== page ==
A median of 1-5 different epigenetic targets/projects/programs were undertaken in house in 2014.

A median of 1-5 epigenetic modification primary screens, each with 1K-5K wells were done in 2014.

The preferred approach to primary screening of epigenetic modification targets was to screen small focused compound sets or decks.

A median of 21-30% of all epigenetic primary screens were enzyme/biochemical assays in 2014.

A median budget of $5K-$25K/lab was allocated for epigenetic enzyme assay reagents in 2014.

A bottom-up model developed around respondent's annual budget for epigenetic modification assay reagents estimated the global market to be around $52M in 2014. The greatest share of this market was allocated to assay specific probes and biochemical assay kits.

The most used commercial sources of reagents and tools for in house epigenetic modification assays were Life Technologies, Abcam and Sigma Aldrich.

The median cost per single well for epigenetic modification assays undertaken in house was $0.75-$1.0 for biochemical assays versus $1-$2 for cellular assays.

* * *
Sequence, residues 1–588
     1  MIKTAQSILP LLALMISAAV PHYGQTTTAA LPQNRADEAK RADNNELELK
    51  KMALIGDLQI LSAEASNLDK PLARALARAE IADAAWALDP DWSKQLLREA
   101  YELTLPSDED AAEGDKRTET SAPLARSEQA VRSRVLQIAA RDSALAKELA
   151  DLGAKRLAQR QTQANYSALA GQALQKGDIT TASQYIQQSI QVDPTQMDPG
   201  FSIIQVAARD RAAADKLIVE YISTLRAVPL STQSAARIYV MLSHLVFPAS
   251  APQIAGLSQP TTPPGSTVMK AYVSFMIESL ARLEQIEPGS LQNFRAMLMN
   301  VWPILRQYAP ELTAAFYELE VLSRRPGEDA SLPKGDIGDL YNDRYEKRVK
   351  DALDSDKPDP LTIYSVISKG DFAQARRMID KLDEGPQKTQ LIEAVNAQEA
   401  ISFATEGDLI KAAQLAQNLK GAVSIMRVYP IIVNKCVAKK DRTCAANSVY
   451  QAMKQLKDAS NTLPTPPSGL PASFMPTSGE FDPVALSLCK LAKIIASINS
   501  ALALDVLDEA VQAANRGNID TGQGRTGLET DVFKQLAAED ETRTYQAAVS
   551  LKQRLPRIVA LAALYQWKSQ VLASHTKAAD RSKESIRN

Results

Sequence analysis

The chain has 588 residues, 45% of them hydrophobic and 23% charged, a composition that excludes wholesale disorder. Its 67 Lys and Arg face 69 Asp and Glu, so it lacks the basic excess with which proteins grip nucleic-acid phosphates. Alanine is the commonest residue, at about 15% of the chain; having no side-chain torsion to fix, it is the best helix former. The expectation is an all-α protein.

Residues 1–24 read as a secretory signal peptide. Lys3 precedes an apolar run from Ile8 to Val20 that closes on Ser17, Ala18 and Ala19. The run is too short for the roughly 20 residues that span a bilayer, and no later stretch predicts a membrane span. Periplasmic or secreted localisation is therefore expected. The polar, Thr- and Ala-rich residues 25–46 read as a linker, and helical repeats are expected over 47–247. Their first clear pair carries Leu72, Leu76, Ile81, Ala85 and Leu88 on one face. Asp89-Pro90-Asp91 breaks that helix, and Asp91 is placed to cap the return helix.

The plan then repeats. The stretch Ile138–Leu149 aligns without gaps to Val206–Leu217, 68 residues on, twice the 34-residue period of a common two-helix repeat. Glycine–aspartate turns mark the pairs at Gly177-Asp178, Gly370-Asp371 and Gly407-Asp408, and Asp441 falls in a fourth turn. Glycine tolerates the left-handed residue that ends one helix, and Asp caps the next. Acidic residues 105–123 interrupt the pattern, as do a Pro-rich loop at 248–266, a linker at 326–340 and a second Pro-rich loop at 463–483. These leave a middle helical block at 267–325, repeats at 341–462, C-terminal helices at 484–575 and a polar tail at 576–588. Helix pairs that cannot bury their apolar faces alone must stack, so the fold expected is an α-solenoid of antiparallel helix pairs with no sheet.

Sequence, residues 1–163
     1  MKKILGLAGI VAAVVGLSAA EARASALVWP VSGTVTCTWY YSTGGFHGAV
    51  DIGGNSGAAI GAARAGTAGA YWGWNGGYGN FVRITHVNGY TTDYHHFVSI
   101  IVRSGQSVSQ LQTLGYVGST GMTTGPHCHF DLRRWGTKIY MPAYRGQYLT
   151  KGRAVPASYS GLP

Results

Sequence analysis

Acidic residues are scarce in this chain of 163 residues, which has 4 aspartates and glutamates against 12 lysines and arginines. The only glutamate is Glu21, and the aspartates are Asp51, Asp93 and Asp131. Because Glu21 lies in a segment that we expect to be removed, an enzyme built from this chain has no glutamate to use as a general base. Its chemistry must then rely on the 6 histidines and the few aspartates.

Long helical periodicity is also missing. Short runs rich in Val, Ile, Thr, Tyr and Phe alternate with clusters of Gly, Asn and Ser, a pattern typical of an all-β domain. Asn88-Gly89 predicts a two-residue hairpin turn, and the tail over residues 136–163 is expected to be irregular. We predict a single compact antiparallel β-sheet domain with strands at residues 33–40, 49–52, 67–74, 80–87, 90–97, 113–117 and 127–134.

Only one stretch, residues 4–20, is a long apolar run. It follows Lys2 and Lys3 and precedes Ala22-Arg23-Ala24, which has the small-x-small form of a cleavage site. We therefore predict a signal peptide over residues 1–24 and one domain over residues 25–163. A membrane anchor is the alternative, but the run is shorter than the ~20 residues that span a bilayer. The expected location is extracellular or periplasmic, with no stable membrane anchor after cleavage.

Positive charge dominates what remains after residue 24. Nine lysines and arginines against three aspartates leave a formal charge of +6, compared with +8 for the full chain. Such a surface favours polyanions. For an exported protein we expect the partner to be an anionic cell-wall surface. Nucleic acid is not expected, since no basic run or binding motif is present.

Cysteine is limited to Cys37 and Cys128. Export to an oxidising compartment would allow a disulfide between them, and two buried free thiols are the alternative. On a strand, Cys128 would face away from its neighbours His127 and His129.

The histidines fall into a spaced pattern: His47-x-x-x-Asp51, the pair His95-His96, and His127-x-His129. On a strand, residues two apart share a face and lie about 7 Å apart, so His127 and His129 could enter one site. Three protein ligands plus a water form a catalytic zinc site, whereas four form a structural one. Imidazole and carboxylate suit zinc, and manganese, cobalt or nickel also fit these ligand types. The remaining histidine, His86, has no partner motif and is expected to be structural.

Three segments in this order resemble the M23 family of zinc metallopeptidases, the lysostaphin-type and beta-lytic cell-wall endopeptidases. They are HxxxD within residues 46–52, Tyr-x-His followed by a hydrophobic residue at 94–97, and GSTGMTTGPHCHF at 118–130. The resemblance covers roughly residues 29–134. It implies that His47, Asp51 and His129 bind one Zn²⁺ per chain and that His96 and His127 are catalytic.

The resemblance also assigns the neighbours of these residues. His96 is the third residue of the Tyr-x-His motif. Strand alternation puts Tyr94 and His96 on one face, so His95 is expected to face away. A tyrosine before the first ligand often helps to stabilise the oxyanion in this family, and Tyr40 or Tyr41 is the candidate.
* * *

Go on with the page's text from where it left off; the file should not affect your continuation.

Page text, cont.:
Profiling against panels of epigenetic targets using biochemical or cellular assays were the aspects of epigenetic modification research most respondents were interested to outsource.

The median % of epigenetic modification primary screening outsourced in 2014 was ‘none'.

The median % of epigenetic modification profiling outsourced in 2014 was <10%.

The median total number of single wells outsourced to a fee-for-service provider for epigenetic primary screening and profiling was <100 wells in 2014.

The median budget allocated for outsourced epigenetic testing was $5K-$25K/lab in 2014.

A bottom-up model developed around respondent's annual budget for outsourced epigenetic modification testing and services estimated the global market to be around $4M in 2014.